There are a host of practical tips for managing print production in the digital age—many are highlighted in this issue of Book Business. While working on a list of such tips—from effectively positioning outsource partners to support your supply chain goals to building content workflow around an XML-based strategy—I was diverted by a conversation with Howard Goldstein, vice president for strategic sourcing at Houghton Mifflin Harcourt (HMH). Goldstein was recently relocated from Boston to Orlando to help oversee HMH’s major transition to outsourced manufacturing management and offshore manufacturing.
It’s a meltdown out there. Financial institutions are crumbling, the government is stumbling and your customers are about as bearish as a grizzly the day before it hibernates. When your retail customers’ sales are down, it means yours will be too—along with higher returns and slower payments. So how can you protect yourself? How can you hedge (do we dare use that term anymore?) your cash position and get payments more quickly? Here are 15 tips you can implement tomorrow to help you through this slough of despond.
Implementing a new content management system (CMS)—whether a traditional CMS, a Web CMS (often called a WMS), or both—is, to say the least, a daunting task. Integrating past content and anticipating future needs, all while trying to meet the requirements of present constituents, leaves the process riddled with potential for missteps. It’s no wonder experts in CMS implementation stress the need for adequate preparation.
It is a challenging time to be a publisher, to be sure. David Hetherington, a 25-year book publishing veteran, describes the current climate as a “perfect storm, as various forces converge to create what may prove to be a truly unique ‘weather system’ for the book publishing industry.” He believes that the combination of the credit crisis and an economy in recession, coupled with a skittish consumer mentality, rising oil prices and the fluctuating dollar, will have a different impact on each major industry sector. “The question will be one of degree. Which sector,” he questions, “will have the toughest time, and how will they respond to the challenges?”
The "Best Book Publishing Companies to Work For" is a project conducted by Book Business in conjunction with the Best Companies Group, an independent research firm that specializes in finding and recognizing great places to work. The study was free and open to all public and privately held organizations, either for-profit or nonprofit. To be eligible, companies had to be book publishing companies that have been in business for at least one year and are based in the United States, with a minimum of 15 employees.
Average number of years the highest-ranking official has been in office: 15.7 89% offer performance bonus or incentive programs to all employees 70% offer telecommuting options 70% offer the option to work compressed work weeks 70% provide an Employee Assistance Program, which offers counseling to employees on a range of issues, such as stress management, family or parenting issues, smoking cessation, elder-care issues, financial management, etc. 70% have on-site facilities that promote exercise and fitness 60% offer on-site fitness/wellness programs 40% pay all or part of employees' costs for health-club memberships or fitness/wellness programs 80% provide cafeteria or meal subsidies, free daily snacks or beverages (a few even provide free cafeteria meals) 50% provide adoption assistance, usually in the form of reimbursement for adoption-related expenses, up to $2,500-$5,000 80% provide domestic partner benefits 90% offer tuition reimbursement (a couple pay 100%)But it isn't all about benefits.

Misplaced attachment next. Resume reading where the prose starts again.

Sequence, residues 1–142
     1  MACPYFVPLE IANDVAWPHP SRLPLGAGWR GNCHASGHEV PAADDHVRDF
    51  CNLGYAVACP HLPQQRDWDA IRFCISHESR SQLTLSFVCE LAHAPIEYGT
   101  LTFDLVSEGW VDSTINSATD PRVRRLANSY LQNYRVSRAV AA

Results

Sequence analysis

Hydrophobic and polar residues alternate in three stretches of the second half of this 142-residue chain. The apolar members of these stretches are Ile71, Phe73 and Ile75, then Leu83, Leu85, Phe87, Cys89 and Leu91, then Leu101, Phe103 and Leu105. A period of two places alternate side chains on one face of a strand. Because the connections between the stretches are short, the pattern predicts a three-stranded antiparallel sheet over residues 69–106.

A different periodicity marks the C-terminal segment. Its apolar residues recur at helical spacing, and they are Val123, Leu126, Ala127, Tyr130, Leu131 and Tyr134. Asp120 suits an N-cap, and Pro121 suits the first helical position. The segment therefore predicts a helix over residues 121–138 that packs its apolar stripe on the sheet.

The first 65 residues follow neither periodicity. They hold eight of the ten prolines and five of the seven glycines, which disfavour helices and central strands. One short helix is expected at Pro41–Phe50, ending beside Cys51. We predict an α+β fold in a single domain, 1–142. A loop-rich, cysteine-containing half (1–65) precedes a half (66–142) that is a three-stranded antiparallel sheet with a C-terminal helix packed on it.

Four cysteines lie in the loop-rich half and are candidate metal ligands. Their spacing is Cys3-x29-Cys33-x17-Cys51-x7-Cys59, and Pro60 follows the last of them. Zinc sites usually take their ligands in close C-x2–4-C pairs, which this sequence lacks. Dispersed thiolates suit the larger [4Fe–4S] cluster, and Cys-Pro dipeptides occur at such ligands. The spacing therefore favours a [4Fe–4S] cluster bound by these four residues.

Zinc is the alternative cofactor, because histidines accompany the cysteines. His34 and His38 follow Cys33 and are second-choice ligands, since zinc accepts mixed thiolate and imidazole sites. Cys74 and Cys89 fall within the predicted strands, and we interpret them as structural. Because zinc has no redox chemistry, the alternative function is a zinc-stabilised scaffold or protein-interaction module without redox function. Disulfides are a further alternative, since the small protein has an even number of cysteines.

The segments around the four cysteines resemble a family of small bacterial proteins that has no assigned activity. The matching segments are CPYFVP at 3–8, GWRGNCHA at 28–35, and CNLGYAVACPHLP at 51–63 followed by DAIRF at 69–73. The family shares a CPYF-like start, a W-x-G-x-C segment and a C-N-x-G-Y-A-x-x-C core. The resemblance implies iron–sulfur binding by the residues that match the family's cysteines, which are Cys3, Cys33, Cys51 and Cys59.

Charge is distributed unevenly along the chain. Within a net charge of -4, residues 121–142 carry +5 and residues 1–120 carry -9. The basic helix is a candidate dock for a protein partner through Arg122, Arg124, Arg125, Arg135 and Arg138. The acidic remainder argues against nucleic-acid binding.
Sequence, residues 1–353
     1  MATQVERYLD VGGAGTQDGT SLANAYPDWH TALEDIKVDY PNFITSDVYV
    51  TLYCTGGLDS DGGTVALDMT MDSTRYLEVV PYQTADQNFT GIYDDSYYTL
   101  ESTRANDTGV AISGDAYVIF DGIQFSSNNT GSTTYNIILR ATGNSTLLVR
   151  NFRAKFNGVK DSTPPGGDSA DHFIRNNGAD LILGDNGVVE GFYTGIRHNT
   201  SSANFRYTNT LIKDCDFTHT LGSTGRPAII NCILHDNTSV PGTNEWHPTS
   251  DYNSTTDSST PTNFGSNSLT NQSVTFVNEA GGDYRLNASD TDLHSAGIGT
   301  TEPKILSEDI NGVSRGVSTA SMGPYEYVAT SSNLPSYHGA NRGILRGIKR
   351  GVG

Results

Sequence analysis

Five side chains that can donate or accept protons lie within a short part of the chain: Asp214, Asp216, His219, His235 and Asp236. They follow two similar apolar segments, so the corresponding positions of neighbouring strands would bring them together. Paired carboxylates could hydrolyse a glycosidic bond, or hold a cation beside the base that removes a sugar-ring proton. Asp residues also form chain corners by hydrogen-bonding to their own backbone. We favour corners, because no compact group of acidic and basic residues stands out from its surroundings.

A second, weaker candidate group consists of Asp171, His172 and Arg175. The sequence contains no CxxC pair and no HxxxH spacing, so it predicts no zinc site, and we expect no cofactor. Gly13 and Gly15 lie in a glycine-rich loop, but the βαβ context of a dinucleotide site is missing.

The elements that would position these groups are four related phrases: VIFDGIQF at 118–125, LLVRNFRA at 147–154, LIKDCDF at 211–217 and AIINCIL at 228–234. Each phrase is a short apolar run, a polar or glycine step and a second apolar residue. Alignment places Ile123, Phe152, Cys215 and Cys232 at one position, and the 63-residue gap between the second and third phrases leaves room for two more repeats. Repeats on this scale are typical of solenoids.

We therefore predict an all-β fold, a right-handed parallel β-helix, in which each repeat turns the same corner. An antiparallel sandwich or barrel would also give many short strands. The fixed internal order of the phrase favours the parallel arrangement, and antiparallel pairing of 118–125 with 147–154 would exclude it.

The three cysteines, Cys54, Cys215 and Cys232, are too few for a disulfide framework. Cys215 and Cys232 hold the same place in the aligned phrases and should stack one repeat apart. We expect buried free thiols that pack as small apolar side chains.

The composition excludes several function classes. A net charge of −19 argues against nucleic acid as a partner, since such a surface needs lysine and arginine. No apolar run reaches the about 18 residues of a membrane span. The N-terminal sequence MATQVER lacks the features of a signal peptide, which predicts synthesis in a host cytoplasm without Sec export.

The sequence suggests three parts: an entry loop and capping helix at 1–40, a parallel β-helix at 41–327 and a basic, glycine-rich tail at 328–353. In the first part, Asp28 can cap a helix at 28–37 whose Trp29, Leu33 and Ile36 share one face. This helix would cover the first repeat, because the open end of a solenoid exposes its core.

"I think publishing is the greatest team sport invented," says David Young, chairman and CEO of Hachette Book Group (HBG). "We work hard to have fun and celebrate success, and deal with problems as a team. That's what we try [to] foster here."
Teamwork: To Young and others at Hachette, it's much more than just a vague notion. It's a guiding philosophy, a strategy cultivated during difficult, transitional times, and one that has helped the company grow. It's also one of the main reasons Hachette has been selected as this year's "Best Book Publishing Company to Work For."
Durham, N.C.-based Duke University Press (DUP) is hoping to reverse the trend of declining hardcover-book sales to libraries by offering those libraries its full list—approximately 100 new scholarly titles per year and a backlist of over 900 titles—electronically on Ebrary (ebrary.com). By purchasing through Ebrary a subscription to DUP's list, called the e-Duke Books Scholarly Collection, an unlimited number of simultaneous users at the subscribing library can access the content and utilize Ebrary's searching, navigating, archiving and other research tools.
This year’s Frankfurt Book Fair was held Oct. 15-19 in Frankfurt, Germany, and drew 299,112 attendees. That number represented a 5.6-percent increase over last year, and also set a record since the fair moved to five days from six in 2004. The event, which celebrated its 60th anniversary, also featured a total of 7,373 exhibitors from 100 countries. “Digitization draws people to Frankfurt,” says Juergen Boos, book fair director, in response to the record-breaking attendance. “One of the main reasons for the increase in trade visitors is the need for guidance with regards to the new business models and fields of business which digitization
Richard E. Abel is a publishing renaissance man. From establishing publishing companies and owning his own bookstore to founding a book marketing and distribution company and writing his own works, Abel has had his hand in nearly every area of publishing. At age 83, time has not put a dent in his passion for the industry, even after his cardiologist’s advice to slow down after his third heart attack led him to sell Timber Press, the Portland-based horticultural niche publishing house that he started 30 years ago. Abel will receive the Publishers Association of the West’s Jack D. Rittenhouse Award at the organization’s